Rhian, I edited your post to reflect your second post (don't to do)...but my post is not aimed at you in particular. It's for the benefit of anyone who reads this that thinks the same as you, or is otherwise simply uninformed about the subject matter.


I do think they exist, but claimed control over them and uses of them are pure science fiction.
 Quoting: Rhian 875736



[link to en.wikipedia.org] --



"While international discussion of the converging technologies and NBIC concepts includes strong criticism of their transhumanist orientation and alleged science fictional character,[69][70][71] research on brain and body alteration technologies has accelerated under the sponsorship of the US Department of Defense, which is interested in the battlefield advantages they would provide to the "supersoldiers" of the United States and its allies.[72] There has already been a brain research program to "extend the ability to manage information" while military scientists are now looking at stretching the human capacity for combat to a maximum 168 hours without sleep.[73]"


So much for science fiction, and "too much" for science fact.

Now tell me, if the US DoD is accelerating their R&D on brain and body alteration for creating "super soldiers" (warring) purposes, does it not follow that the US's opposers would also be doing the same?

NBIC is not just a US effort. NBIC has representative scientists (and others) globally. Since we've done such a stellar job of playing nice in the "sandbox" that is our civilization up until now, we have no reason to believe that NBIC technologies aren't going to be used for less than the benefit of humanity...right?

rolleyes Yeah, right.

As for the use of them: not science fiction at all.

The Project on Emerging Nanotechnologies reports that there are 1,000+ manufacturer-identified nanotechnology-based consumer products - everything from electronics and cosmetics to automotive and medical products - currently on the market.

While not all of these 1000+ products are used with regularity apx. half of them are...as of 2007 that is--


[link to www.sciencedaily.com]


"Nanotechnology Now Used In Nearly 500 Everyday Products

ScienceDaily (May 23, 2007) — — The number of consumer products using nanotechnology has more than doubled, from 212 to 475, in the 14 months since the Project on Emerging Nanotechnologies launched the world’s first online inventory of manufacturer-identified nanotech goods in March 2006. Clothing and cosmetics top the inventory at 77 and 75 products, respectively. A list of nanotechnology products that also includes bedding, jewelry, sporting goods, nutritional and personal care items is available free at [link to www.nanotechproject.org] ."


On the same page--


"While polls show most Americans know little or nothing about nanotechnology, in 2005 nanotechnology was incorporated into more than $30 billion in manufactured goods. By 2014, Lux Research estimates $2.6 trillion in manufactured goods will incorporate nanotechnology—or about 15 percent of total global output.

“The use of nanotechnology in consumer products and industrial applications is growing rapidly, with the products listed in the inventory showing just the tip of the iceberg,” said Project on Emerging Nanotechnologies science advisor Andrew Maynard. “How consumers respond to these early products—in food, electronics, health care, clothing and cars—will be a litmus test for broader market acceptance of nanotechnologies in the future.” "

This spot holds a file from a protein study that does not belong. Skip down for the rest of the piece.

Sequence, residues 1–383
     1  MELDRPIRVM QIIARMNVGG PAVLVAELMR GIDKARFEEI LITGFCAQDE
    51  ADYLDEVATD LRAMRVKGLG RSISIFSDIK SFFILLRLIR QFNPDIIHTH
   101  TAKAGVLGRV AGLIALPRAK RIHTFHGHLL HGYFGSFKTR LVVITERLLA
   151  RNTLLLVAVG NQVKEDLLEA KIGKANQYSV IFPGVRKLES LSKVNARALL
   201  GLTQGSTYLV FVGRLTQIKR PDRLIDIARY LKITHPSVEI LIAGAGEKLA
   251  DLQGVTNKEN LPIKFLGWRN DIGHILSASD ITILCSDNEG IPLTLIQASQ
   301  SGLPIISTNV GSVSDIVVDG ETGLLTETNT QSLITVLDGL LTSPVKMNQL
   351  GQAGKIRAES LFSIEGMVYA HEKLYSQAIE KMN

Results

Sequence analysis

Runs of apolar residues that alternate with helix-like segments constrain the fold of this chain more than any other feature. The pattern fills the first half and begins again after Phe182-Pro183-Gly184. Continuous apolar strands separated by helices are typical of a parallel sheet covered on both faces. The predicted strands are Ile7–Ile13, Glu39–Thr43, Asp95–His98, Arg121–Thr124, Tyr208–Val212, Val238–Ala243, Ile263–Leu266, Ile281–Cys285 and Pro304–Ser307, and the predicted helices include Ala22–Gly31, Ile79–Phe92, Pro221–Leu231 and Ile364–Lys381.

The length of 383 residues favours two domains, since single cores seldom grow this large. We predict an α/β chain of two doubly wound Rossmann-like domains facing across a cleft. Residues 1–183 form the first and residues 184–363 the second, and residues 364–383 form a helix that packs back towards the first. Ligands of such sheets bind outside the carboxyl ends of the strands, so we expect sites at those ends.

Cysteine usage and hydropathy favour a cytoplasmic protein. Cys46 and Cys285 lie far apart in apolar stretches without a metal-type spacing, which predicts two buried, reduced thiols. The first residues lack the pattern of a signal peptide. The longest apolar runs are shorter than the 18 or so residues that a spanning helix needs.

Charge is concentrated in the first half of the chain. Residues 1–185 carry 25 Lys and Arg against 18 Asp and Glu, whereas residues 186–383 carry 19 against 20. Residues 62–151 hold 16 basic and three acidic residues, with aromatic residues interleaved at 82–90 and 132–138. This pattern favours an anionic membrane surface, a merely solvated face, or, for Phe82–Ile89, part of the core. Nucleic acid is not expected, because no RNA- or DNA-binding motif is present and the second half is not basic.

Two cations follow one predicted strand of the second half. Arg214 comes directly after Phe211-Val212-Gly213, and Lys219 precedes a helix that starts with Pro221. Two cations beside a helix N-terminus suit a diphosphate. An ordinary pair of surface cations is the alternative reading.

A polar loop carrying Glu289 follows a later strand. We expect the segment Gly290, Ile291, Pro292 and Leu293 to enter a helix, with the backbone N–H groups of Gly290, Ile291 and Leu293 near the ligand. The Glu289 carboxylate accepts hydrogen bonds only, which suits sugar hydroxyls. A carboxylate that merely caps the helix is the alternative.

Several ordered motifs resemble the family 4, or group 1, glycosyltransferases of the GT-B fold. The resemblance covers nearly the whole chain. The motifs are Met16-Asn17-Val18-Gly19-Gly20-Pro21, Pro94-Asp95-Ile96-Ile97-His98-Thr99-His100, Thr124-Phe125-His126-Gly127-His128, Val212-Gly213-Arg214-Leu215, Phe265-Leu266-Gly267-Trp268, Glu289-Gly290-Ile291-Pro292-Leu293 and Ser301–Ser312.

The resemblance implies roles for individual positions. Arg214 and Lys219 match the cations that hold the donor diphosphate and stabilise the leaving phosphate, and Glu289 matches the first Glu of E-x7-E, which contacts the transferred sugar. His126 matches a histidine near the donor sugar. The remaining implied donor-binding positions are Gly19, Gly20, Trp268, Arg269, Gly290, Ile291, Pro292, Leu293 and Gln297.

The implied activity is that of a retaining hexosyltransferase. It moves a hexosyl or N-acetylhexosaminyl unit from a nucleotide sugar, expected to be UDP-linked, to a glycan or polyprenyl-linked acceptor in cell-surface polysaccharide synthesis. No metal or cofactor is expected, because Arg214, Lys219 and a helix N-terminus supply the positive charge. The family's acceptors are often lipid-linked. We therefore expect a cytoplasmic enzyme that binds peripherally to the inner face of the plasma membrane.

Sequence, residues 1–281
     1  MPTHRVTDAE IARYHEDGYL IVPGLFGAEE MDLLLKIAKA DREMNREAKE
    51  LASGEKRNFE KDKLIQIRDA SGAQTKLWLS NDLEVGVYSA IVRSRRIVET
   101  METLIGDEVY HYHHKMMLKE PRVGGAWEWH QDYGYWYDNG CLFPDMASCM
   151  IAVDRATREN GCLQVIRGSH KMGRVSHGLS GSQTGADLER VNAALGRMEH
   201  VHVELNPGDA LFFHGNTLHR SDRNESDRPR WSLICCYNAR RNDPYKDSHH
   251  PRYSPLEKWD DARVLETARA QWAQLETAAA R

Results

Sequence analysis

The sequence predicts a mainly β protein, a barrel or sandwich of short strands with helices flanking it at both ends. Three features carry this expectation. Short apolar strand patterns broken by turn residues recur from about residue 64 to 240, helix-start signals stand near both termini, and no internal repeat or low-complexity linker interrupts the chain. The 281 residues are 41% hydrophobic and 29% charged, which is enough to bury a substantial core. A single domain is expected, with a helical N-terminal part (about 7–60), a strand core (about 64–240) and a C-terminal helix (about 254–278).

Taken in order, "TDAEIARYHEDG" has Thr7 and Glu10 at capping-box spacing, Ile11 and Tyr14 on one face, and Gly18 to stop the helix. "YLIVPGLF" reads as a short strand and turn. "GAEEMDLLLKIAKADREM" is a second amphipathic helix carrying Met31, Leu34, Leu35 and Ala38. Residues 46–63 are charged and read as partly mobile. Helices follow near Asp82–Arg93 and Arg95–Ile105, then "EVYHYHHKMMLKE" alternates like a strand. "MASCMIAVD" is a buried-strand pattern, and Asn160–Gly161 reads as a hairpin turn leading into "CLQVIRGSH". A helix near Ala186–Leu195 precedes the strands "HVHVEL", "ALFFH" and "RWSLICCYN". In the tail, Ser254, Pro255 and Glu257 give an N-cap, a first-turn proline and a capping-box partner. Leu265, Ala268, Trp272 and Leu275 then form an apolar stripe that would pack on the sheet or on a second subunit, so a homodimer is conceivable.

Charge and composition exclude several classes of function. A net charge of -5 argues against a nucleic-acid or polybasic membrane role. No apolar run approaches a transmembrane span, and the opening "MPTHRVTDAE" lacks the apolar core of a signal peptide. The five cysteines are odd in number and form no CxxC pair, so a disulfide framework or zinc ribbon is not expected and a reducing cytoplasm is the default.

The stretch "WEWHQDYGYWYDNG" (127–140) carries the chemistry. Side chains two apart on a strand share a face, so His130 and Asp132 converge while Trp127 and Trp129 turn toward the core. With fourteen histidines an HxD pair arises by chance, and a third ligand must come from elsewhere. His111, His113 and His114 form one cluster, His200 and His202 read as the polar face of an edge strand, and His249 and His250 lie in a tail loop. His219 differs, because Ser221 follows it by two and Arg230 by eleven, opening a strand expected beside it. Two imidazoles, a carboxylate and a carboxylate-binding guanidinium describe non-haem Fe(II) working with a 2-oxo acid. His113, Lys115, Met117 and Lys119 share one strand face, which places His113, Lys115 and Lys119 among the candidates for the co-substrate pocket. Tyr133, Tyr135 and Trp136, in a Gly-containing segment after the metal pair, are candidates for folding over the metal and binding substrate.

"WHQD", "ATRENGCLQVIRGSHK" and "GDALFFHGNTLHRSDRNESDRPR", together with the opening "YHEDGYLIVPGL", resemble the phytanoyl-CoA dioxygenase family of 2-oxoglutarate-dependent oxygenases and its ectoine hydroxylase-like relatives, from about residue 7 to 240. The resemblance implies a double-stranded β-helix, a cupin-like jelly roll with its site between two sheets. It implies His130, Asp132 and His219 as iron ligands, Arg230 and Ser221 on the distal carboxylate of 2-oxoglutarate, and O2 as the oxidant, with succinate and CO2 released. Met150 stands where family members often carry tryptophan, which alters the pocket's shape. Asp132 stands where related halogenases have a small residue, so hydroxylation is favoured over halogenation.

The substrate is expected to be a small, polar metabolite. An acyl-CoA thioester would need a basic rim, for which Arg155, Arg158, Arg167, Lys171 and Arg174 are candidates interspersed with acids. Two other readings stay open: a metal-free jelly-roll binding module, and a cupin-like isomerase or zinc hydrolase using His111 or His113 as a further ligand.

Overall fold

And what people don't know won't hurt them, right?

Wrong. Examination of just one product type, suntanning products, is but a bare glimpse into a harm that wasn't befounded through R&D before its application...application being a double entendre.


[link to www.news-medical.net]


"Potential toxicity of zinc nanoparticles in sunscreen products
8. April 2010 07:52


Scientists are reporting that particle size affects the toxicity of zinc oxide, a material widely used in sunscreens. Particles smaller than 100 nanometers are slightly more toxic to colon cells than conventional zinc oxide. Solid zinc oxide was more toxic than equivalent amounts of soluble zinc, and direct particle to cell contact was required to cause cell death. Their study is in ACS' Chemical Research in Toxicology, a monthly journal.

Philip Moos and colleagues note that there is ongoing concern about the potential toxicity of nanoparticles of various materials, which may have different physical and chemical properties than larger particles. Barely 1/50,000 the width of a human hair, nanoparticles are used in foods, cosmetics and other consumer products. Some sunscreens contain nanoparticles of zinc oxide. "Unintended exposure to nano-sized zinc oxide from children accidentally eating sunscreen products is a typical public concern, motivating the study of the effects of nanomaterials in the colon," the scientists note.

Their experiments with cell cultures of colon cells compared the effects of zinc oxide nanoparticles to zinc oxide sold as a conventional powder. They found that the nanoparticles were twice as toxic to the cells as the larger particles. Although the nominal particle size was 1,000 times larger, the conventional zinc oxide contained a wide range of particle sizes and included material small enough to be considered as nanoparticles. The concentration of nanoparticles that was toxic to the colon cells was equivalent to eating 2 grams of sunscreen - about 0.1 ounce. This study used isolated cells to study biochemical effects and did not consider the changes to particles during passage through the digestive tract. The scientists say that further research should be done to determine whether zinc nanoparticle toxicity occurs in laboratory animals and people.

Source: American Chemical Society"